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Housing as City Making - The Big House - Cohousing twenty families in Islington

Part 1 Project 2014
Daniel Marshall
University of Cambridge Cambridge UK
Central London lacks housing for Families. Rather than buying units built by a developer, ‘The Big House’ considers what a group of twenty families pooling resources as a co-housing group might be able to build for themselves. To address this issue of families living together in a dense city, the project considered two typologies: London’s Medieval Livery Companies and The Florentine Palazzo.

The Medieval Livery Companies of the City of London provide a precedent for the economic and social benefits gained by acting collectively. Sharing allowed for access to resources and networks that empowered individuals beyond the everyday city life. The mature Livery Companies built complexes out the back of their own back yards, which provided spaces for formal dining and conversation with others. The culture of co-operation forwarded the individual’s professional pursuits within the city … . Like the livery company organization, ‘The Big House' gives each unit it’s own private door onto the street, and also a back door into a shared piece of city; offering communal workshops, a shared office, and roof gardens.

Secondly, the scheme explores poetic distinction between inside and outside, as observed in The Palazzo Bartolini Salimbeni. Outside, the palazzo presents itself as a civic building harmonious with the surrounding cityscape. Inside it creates a space for intimate family life regulated by the specific atmosphere and character that the building generates. Whilst ‘The Big House’ attempts to re-invoke the civic qualities of a palazzo from the street, the cohabitants discover through the back door of the dwellings, a communal space with a medieval sense of negotiation.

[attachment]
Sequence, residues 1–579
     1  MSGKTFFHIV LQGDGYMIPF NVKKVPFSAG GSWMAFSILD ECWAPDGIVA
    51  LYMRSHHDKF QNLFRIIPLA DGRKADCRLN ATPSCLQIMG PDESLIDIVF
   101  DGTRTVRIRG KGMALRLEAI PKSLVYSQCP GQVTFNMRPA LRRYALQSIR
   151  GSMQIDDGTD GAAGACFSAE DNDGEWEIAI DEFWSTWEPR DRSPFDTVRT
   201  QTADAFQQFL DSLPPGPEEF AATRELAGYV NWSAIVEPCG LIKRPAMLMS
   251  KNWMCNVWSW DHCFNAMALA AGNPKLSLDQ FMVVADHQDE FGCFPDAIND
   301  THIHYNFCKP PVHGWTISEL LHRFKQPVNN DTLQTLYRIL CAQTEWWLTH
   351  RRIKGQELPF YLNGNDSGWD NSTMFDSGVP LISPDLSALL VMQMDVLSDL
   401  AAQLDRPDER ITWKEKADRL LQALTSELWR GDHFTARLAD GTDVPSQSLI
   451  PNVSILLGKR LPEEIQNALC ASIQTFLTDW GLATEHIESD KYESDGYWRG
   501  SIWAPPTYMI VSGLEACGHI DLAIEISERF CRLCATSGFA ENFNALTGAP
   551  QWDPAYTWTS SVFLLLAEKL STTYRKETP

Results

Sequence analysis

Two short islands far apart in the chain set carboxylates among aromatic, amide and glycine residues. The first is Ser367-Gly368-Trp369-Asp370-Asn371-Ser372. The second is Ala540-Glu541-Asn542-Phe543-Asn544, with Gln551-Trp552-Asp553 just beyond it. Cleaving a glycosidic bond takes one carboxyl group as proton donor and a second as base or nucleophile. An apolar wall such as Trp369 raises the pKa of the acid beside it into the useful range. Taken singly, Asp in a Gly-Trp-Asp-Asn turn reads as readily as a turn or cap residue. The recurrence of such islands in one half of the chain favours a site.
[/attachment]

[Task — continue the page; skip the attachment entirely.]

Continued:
By massing larger family units at the bottom and smaller family units on top ‘The Big House’ is able to create a walkway around the internal courtyard. This walkway allows each unit to have equal access to the internal shared resources via the living rooms. The living rooms themselves look out into the courtyard; a view framed by panoramic bay windows. These windows endeavour to allow dwellers sitting on the sofa to subtly feel as if they both within the private home and yet also within a larger big house.

Daniel Marshall

Tutor(s)


2014
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